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Match Group's Twoo fined in Belgium for GDPR breach
20 May 2010 10:05
Twoo, a Match Group-owned, Belgian-based platform, has been fined 50,000 euros in Belgium for breaching the EU's data-protection rules. Match Group operates several well-known dating applications including Tinder, Hinge and OKCupid.
The national data-protection authority announced the fine yesterday without naming the company at fault, referring to it only as a “global social network.”
But an earlier version of the decision, obtained by MLex before being redacted, named Idriss Kechida as the sanctioned company’s data-protection officer. He is Match Group’s DPO, suggesting that one of the group’s platforms was targeted by the fine.
A spokesperson for the platform's owner, Massive Media, which is part of Match Group, told MLex that the company "strongly disagrees" with the decision to fine the platform.
The Belgian authority said the company had collected and processed personal data through the "invite contacts" function, without a valid legal basis under the General Data Protection Regulation.
But according to the platform, the collection of users’ consent is "fully complied with GDPR’s stringent consent requirements."
"Features allowing users to invite their friends are widely used across Internet services and our discontinued feature followed industry best practices. Transparency and protecting our users' personal data is of utmost importance to us," the spokesperson said.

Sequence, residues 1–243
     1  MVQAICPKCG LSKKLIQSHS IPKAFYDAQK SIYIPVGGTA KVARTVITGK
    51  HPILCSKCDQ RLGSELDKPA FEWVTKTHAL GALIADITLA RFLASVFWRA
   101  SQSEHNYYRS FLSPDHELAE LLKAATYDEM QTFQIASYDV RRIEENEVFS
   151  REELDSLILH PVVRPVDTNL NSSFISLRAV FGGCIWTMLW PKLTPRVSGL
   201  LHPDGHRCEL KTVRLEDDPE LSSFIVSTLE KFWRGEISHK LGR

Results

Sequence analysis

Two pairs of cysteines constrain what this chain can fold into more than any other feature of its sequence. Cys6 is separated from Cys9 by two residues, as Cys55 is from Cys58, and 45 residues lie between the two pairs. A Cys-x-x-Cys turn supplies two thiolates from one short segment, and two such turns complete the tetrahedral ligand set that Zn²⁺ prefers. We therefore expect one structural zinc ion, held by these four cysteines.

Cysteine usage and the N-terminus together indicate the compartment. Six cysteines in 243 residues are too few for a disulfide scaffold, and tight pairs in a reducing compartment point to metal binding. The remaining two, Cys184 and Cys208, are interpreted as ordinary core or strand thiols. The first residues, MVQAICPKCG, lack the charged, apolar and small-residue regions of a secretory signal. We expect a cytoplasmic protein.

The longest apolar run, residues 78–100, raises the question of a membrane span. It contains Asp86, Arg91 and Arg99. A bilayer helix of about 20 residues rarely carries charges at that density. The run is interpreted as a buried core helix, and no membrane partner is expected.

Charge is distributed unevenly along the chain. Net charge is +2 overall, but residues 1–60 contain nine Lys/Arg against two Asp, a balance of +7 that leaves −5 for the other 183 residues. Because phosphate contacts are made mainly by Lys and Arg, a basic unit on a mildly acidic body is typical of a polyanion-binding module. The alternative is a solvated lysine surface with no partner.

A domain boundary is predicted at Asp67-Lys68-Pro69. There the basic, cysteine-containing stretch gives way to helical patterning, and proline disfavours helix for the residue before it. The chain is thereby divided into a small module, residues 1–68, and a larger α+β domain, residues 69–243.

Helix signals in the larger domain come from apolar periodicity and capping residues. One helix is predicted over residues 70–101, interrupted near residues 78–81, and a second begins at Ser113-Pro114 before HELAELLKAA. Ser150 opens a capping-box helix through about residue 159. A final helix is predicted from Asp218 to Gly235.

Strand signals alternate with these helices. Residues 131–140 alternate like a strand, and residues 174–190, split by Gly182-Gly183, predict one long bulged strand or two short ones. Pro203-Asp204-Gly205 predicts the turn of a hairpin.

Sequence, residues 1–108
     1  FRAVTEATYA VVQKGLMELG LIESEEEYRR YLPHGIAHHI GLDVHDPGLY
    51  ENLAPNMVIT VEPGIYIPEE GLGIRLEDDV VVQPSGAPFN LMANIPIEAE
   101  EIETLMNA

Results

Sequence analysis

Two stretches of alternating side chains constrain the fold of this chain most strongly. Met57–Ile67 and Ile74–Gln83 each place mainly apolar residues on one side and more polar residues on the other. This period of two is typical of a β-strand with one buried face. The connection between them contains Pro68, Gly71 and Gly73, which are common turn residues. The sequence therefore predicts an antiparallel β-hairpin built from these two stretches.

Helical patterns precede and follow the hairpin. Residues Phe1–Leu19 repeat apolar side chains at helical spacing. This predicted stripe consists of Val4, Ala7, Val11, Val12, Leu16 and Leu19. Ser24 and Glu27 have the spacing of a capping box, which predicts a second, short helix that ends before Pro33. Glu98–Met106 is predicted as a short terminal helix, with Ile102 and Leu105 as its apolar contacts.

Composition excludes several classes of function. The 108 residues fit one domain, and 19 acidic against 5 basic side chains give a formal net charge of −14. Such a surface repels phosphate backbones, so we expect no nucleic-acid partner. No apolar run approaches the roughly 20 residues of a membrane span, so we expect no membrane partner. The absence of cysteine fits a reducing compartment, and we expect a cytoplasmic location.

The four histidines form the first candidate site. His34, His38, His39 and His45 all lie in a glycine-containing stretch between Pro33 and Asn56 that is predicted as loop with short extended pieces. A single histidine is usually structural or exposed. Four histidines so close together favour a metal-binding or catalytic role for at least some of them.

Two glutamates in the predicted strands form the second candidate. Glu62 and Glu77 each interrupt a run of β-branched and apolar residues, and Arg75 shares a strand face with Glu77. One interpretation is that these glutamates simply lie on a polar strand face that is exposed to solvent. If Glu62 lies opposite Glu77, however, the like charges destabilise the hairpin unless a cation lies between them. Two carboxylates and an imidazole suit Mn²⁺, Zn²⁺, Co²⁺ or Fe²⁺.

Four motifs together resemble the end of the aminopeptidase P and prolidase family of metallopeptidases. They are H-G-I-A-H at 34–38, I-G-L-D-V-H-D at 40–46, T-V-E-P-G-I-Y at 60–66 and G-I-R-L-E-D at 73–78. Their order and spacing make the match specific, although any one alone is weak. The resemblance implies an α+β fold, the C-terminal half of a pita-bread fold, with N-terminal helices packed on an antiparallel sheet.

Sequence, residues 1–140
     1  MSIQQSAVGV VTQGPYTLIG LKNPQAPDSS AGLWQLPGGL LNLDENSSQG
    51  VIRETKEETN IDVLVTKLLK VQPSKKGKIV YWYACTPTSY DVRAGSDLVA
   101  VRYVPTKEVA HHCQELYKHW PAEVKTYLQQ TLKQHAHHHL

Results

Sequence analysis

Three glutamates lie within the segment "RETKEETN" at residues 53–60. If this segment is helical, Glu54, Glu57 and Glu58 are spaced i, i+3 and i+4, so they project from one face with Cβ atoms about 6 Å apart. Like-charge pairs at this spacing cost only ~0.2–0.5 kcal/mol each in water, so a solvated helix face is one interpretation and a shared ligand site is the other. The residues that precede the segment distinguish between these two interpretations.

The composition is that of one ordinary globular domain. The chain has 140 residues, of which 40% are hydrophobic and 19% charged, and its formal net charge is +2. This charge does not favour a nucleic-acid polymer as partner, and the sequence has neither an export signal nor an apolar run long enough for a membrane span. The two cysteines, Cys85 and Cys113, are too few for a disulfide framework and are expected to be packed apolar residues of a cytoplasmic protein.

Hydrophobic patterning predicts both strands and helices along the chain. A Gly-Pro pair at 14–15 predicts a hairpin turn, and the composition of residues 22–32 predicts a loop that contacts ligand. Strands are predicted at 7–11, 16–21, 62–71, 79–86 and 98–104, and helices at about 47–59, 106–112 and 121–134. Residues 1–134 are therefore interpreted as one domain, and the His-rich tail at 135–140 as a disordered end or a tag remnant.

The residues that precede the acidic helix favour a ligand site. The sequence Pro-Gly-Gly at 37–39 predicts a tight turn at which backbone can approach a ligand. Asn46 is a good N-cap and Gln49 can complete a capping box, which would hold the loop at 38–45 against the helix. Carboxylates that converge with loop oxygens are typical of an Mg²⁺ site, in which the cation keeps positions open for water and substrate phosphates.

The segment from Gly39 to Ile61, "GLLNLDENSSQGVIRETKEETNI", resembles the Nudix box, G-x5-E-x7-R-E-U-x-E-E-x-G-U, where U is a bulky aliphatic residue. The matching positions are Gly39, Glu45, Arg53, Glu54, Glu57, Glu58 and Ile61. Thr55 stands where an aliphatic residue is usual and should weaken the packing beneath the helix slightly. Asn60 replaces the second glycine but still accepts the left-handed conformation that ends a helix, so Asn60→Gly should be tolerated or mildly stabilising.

The watchdog said the fine was imposed in cooperation with 23 European data-protection authorities from 16 different countries: the Netherlands, Germany, Portugal, Sweden, Ireland, Latvia, Italy, Norway, Hungary, Austria, Spain, France, Cyprus, Slovakia, Denmark and Slovenia.
Match Group and its platforms have been subject to other complaints and allegations around the world. In January, a Norwegian consumer group accused the company of systematically sharing intimate personal information with advertisers without having obtained the proper consent from users, as part of a broader examination of consumer apps.
This prompted European watchdogs to join forces and boost their scrutiny of how consumer-focused apps send data to the advertising technology industry.
Since then, data-protection authorities in Denmark, Slovenia, Sweden and Switzerland have told MLex that they will cooperate with their peers in scrutinizing alleged abuses involving lifestyle apps and adtech companies. Many others received requests from consumer groups to look into this issue.
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